Wednesday, April 23, 2014

On the Birth of the Bard

Last year I wrote a reasonably well-prepared post about William Shakespeare and his plays in celebration of his birthday on this very blog. Alas, this year, well, I’ve been a bit lax in gathering data and thoughts and such, so I may be a bit doddery (Lear creeps in already) in these scribblings.  I will now stop procrastinating, for as Will said, “In delay there lies no plenty.”  Or Good’n’Plenty.  Off we go.

The thing about Shakespeare is that we go to hear the words.  We see the same plays over and over again because the same play can take a different path when someone new directs it or acts in it or designs it or thinks about it and puts it all together to communicate their interpretation to us, the willing audience.  And if we disagree, we get to argue about it.  Who could ask for anything more.

We will see their spiffy production values and costumes and themes and such, but still we go to hear.  Hear the same sentence sound remarkably different because a different actor is saying it to yet another actor.  Let’s take King Lear, for example; it’s a year for Lears.  There’s your Lear, and there’s your Lear talking to your Regan.  Or your Goneril.  Or your Cordelia.  And your Lear has different feelings about each of these daughters depending on the actor playing Lear, the actor playing Goneril, the actor playing Regan, the actor playing Cordelia.  So many dynamics to play with, so many possibilities.  And each time we hear this Lear we haven’t seen before speak the same lines another Lear did to his daughters, the words are new and fresh.

Everyone wants to do Lear — the play has very fine male roles, of course, but also two excellent female roles and one possibly impossible female role — so there’ll be plenty more to come and to compare.  All of this applies to many of the plays, of course.  Lear is an easy example this year. 

Diana Rigg as Regan
Last month I saw Theatre For a New Audience’s (“TFANA”) production of King Lear in which Michael Pennington undertook the role of Lear under the direction of Arin Arbus.  His Lear was a pretty angry fellow in full control of his faculties when he makes all the foolish assumptions and foolhardy decisions of his first scene.  Later he goes a bit dotty and becomes softer and more understanding.  He notices things then — things like there were subjects (people) to be cared for, to be protected, in his kingdom, and he hadn’t done his job well.  It was a very socially-aware Lear.  I’m told, although I didn’t see it myself, that Frank Langella’s Lear performed the month before at BAM, started off that same first scene practically doddering and then became clearer in his madness.  Utterly different men, utterly different choices, utterly different relationships.  In the TFANA Lear, my favorites were the Regan (a marvelously sharp and cynical Bianca Amato) and her husband Cornwall (a delightfully perverse Saxon Palmer).  I decided to re-view a Lear still in my memory from the 1980s for its fabulous Edmund and Edgar pairing of Robert Lindsay and David Threlfall.  The Lear was Olivier.  The Fool, oh the Fool, was John Hurt!  Next week I’ll be seeing a live broadcast from London of a production directed by Sam Mendes in which Simon Russell Beale takes on Lear.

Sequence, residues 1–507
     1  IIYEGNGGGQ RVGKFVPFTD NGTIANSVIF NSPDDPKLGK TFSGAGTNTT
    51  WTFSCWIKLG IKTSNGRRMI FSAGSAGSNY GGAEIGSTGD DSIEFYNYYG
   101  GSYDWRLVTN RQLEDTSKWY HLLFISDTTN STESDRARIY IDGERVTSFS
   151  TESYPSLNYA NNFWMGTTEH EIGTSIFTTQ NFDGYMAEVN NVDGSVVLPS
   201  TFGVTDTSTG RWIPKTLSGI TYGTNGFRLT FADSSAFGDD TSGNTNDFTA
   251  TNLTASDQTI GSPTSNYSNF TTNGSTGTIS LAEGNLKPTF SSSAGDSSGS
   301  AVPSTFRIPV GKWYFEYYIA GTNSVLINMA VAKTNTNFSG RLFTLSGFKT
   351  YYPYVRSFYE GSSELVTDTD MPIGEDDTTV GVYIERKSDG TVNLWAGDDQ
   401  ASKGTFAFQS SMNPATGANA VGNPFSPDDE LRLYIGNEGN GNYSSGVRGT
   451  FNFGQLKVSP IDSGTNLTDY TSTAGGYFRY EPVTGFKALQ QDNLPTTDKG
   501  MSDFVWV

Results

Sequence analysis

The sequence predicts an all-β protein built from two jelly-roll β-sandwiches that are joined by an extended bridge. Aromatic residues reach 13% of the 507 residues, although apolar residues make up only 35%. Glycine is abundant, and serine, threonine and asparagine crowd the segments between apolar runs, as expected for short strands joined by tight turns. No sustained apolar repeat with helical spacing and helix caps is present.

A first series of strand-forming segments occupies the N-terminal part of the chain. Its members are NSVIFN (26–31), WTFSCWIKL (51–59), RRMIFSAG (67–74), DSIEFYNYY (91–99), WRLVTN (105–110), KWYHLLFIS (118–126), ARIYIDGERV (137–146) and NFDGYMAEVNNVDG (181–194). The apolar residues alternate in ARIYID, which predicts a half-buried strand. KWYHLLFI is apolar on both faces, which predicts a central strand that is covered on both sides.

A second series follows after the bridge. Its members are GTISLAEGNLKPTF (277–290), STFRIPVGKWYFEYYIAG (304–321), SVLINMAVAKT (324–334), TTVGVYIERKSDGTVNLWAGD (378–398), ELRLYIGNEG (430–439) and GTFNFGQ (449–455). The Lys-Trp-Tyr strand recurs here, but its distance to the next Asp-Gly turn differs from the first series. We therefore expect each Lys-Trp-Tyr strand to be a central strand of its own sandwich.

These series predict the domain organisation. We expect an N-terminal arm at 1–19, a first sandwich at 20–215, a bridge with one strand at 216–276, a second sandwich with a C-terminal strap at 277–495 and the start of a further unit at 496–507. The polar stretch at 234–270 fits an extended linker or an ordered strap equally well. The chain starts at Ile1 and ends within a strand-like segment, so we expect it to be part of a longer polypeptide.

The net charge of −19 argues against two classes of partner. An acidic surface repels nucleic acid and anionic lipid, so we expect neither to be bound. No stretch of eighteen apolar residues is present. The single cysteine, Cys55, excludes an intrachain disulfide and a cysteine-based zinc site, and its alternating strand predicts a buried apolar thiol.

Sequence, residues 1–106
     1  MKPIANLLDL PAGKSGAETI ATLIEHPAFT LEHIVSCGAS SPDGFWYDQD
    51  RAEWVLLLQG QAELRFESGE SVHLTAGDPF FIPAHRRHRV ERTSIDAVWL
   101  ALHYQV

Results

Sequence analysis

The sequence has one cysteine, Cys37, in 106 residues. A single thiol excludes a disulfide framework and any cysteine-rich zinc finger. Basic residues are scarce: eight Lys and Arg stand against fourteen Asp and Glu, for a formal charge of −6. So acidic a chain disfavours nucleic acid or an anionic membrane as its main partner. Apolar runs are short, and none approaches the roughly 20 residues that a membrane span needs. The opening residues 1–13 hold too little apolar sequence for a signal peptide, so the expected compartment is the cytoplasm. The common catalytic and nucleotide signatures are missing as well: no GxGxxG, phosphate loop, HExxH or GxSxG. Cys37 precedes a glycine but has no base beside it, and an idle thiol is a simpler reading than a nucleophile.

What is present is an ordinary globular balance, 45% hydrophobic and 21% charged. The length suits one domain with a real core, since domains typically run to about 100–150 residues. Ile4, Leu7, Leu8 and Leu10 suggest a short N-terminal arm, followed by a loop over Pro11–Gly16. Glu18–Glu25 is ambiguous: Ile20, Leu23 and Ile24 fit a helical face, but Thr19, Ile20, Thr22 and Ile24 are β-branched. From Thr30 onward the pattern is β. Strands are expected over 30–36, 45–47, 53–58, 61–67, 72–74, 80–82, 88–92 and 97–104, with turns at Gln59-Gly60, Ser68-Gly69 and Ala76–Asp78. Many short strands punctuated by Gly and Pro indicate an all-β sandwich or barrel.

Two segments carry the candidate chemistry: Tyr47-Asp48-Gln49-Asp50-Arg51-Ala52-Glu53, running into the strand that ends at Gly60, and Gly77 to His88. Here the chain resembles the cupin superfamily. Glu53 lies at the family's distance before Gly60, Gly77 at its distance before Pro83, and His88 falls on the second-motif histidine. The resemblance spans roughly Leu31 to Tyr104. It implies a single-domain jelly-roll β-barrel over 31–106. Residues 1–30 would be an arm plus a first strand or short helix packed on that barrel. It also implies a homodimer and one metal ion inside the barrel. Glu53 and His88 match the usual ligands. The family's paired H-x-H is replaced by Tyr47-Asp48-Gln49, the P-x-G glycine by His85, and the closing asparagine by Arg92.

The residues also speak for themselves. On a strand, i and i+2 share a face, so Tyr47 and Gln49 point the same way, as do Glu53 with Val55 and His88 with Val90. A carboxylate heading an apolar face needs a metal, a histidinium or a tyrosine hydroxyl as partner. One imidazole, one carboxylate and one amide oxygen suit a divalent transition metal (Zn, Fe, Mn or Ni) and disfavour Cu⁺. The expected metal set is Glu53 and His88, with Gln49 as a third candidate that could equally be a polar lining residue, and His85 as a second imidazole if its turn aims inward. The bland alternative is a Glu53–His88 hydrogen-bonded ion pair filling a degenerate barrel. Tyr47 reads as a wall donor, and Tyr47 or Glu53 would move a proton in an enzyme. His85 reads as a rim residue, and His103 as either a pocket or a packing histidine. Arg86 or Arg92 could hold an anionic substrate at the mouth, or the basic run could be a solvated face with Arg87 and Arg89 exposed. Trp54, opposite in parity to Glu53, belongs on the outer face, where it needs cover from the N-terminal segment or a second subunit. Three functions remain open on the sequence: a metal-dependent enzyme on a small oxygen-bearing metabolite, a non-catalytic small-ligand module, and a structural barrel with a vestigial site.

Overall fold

But I digress. 

In the past year I saw some splendid productions of Shakespeare plays, including —

  • London’s Donmar Warehouse’s production of Julius Caesar1 set in a women’s prison transferred handily to St. Ann’s Warehouse in Brooklyn.  Directed by the fabulous Phyllida Lloyd, Dame Harriet Walter as Brutus and Frances Barber as Julius Caesar led an all-female cast to the heights and depths and yes it worked.  This was the perfect example of familiar lines carrying all new meaning based on the interpretations of different direction, actors, genders, and styles.

Harriet Walter as Brutus